Nicholas Galanin is a man of creative motion. In some respects, the Sitka, Alaska-based artist and musician’s work has evolved like twists and turns of a Rubik’s Cube, progressing with purpose while producing colorful new landscapes with every crank and spin.

His latest development arrived last month when Ya Tseen, the band he anchors with guitarist Zak D. Wass and Seattle multi-instrumentalist OCnotes, released its riveting new album, “Indian Yard.” It’s a new chapter for the highly collaborative crew, after releasing a pair of albums as Indian Agent, the name referring to the federal agents charged with forcing the U.S. government’s agenda on Indigenous communities.

“It was a shift away from what the Indian Agent project was in a lot of ways,” says Galanin, an Indigenous artist of Tlingit and Unangax descent. “To me, [Indian Agent] had its time and purpose. I think that even the term and the title of that project, [the purpose] was to bring light to a history [many people] don’t speak or know of, but it’s a heavy history.”

The new moniker is taken from part of Galanin’s Tlingit name, Ya Tseen, meaning to “be alive,” which he explains “translates loosely and openly to everything — who we are, how we move in the world, how we share love with our children.” It also coincides with the band signing with Seattle-based Sub Pop, giving the ardent supporters of the Land Back movement, which aims to return colonized land to Indigenous communities, a wider platform. “We’re real serious about opening people’s eyes to realities,” says OCnotes, a former KEXP DJ and member of Seattle experimentalists Knife Knights.

Galanin’s no stranger to opening eyes and sparking conversations through art. Earlier this year, Galanin, who spent part of his childhood in Federal Way, drew acclaim with a piece he contributed to the Desert X exhibition in Southern California. With the piece titled “Never Forget,” Galanin erected 45-foot letters spelling out “Indian Land” in the same font as the famous Hollywood sign. His previous work includes digging a fake grave in the shape of a statue of a controversial colonial British Navy captain (“Shadow on the Land”), and a New York subway map — marking sites of police violence committed against Black youth — painted on a deer hide (“Land Swipe”).

“For me, there’s power in creating visual art that carries conversations that I don’t have to be there personally to uphold every day to the audience,” Galanin says. “That saves energy, that saves time and still delivers a message I believe in, and communities can come through and access it if they want. It’s doing the work for you in that sense and I think that’s important when you come from a community where our voices have been removed and our histories have been twisted and homogenized.”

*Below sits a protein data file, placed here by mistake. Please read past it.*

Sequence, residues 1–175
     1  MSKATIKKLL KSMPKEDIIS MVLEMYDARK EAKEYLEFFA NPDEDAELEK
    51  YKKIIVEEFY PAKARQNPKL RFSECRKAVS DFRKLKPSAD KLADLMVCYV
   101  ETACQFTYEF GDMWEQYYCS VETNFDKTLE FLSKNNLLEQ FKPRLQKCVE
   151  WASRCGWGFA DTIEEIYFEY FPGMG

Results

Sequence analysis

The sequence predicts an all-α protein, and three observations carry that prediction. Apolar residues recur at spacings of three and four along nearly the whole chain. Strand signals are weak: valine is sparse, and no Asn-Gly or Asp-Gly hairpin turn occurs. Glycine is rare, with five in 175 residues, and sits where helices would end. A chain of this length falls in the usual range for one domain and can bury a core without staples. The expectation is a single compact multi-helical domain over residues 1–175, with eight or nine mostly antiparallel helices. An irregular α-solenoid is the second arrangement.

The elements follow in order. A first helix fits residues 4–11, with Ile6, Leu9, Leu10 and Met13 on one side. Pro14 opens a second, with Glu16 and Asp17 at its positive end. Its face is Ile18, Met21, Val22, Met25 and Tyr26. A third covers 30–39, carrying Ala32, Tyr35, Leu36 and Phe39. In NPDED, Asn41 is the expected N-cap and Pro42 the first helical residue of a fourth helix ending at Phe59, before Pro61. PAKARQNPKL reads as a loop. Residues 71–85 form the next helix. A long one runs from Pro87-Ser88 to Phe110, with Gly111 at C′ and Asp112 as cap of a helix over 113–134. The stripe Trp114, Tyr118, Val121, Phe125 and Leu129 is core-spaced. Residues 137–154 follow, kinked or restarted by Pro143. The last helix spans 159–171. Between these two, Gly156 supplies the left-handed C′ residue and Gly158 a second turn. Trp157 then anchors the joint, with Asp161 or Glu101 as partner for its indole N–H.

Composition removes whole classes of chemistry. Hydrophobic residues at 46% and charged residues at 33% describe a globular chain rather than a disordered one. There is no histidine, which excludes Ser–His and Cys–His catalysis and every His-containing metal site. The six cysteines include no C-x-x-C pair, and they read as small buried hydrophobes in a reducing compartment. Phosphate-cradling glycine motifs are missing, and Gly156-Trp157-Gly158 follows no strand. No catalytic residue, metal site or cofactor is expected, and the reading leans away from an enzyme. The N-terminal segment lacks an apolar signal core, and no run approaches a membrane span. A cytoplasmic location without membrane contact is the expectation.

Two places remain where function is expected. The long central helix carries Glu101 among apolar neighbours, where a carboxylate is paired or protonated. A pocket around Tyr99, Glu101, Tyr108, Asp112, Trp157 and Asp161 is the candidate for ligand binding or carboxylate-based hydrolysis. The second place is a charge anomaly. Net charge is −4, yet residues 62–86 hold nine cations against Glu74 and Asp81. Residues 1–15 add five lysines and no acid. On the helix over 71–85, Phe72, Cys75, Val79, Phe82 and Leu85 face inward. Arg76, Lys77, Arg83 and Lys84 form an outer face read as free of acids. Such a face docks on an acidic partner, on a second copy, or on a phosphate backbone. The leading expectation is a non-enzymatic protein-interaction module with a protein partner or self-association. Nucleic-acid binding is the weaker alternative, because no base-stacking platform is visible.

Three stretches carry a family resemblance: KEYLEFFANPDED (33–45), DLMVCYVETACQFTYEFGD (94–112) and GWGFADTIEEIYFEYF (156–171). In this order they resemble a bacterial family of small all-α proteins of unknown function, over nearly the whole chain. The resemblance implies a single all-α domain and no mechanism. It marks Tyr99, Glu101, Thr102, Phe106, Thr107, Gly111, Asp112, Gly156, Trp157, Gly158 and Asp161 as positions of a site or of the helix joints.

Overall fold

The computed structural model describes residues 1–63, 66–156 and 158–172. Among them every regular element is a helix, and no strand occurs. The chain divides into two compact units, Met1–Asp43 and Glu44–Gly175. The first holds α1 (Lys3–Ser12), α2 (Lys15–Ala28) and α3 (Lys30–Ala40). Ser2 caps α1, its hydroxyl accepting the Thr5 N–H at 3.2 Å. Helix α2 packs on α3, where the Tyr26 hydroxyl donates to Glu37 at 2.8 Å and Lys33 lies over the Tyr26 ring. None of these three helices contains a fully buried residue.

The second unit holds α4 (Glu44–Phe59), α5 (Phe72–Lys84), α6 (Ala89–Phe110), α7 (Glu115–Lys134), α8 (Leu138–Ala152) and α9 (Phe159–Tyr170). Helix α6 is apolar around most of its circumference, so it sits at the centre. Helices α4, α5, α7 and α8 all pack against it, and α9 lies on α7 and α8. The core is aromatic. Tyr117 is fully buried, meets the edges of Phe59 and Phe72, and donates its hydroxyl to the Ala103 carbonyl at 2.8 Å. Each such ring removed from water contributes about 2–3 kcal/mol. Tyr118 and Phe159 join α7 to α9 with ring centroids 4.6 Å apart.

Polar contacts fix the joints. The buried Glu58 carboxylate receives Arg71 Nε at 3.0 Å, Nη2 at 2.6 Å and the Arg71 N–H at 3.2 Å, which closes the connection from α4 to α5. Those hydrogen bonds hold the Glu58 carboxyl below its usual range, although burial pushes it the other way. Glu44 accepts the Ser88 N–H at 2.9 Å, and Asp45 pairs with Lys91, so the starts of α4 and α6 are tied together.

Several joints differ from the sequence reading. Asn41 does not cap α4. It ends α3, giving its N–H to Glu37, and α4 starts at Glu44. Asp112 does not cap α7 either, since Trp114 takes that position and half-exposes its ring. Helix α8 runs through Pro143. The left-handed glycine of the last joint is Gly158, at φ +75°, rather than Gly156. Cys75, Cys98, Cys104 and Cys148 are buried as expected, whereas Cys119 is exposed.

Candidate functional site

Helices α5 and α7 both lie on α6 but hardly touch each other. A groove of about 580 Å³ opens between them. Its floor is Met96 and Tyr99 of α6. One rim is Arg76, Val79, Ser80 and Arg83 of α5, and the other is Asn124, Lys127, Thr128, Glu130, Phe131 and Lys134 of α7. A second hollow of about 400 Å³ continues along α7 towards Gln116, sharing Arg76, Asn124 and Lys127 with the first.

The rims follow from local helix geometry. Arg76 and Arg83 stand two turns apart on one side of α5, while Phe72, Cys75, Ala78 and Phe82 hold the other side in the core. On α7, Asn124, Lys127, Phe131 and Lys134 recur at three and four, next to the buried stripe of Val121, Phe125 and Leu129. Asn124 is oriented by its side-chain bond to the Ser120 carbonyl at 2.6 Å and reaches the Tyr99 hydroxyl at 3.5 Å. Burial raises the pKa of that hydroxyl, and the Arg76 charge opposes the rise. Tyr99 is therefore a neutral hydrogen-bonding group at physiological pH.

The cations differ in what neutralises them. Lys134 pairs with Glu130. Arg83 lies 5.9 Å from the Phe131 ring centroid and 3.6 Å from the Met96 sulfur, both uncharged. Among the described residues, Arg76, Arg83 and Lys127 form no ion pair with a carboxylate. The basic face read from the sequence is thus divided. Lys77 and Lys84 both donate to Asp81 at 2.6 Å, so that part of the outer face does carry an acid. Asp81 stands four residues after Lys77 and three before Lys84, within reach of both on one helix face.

Advertising

With “Indian Yard,” Galanin — who previously recorded as Silver Jackson — tightens and brightens the amorphous sound he’s cultivated over several projects with a network of all-star Pacific Northwest collaborators, including Portugal. The Man, Iska Dhaaf and Seattle hip-hop dignitaries Shabazz Palaces and Stas THEE Boss (Galanin and OCnotes’ mates in the Black Constellation art collective).

The breadth of the sonic palette is as astounding as it is cohesive, with Galanin and crew dipping their brushes in psychedelic pop, head-swimming hip-hop, electro-pop, classic funk and soul, and downtempo beats that play like an audio fog machine. For casual listeners coming in without context, the social or political may not seem as overt or confrontational as some of Galanin’s visual art (save for songs like “Gently to the Sun,” its beats laced with defiant avant-raps from Seattle rapper/producer Tay Sean). But make no mistake, it’s music with a message — one that’s rooted in, and meticulously crafted with, love.

“What I hear, what I feel, what I get through that record, is I see and experience the love that we have in our families, that we share and pass on into the community amongst a world that’s violent towards us,” Galanin says, noting President Biden had just proclaimed the day of our interview Missing and Murdered Indigenous Persons Awareness Day. “That is a major reality in our community. … Statistically, these communities are at higher risk towards violence, sexual assault in a settler post-colonial world, which is what we live in.”